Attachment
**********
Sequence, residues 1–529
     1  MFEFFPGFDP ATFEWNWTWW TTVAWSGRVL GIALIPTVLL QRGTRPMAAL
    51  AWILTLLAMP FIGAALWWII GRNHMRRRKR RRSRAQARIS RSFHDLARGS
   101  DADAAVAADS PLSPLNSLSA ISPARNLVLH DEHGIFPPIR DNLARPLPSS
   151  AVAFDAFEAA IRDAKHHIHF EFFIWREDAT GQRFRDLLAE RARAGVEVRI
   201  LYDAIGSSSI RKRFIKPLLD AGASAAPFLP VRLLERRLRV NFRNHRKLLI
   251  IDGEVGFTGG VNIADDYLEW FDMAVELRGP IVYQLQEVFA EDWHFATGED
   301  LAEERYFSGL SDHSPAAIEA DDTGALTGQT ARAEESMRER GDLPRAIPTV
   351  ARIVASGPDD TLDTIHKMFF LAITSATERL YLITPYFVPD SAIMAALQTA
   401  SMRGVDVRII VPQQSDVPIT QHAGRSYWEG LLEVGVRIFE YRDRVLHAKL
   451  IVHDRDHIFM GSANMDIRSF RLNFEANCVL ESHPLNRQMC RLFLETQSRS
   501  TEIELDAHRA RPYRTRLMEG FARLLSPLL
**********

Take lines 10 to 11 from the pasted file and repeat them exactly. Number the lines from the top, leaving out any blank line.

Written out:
   401  SMRGVDVRII VPQQSDVPIT QHAGRSYWEG LLEVGVRIFE YRDRVLHAKL
   451  IVHDRDHIFM GSANMDIRSF RLNFEANCVL ESHPLNRQMC RLFLETQSRS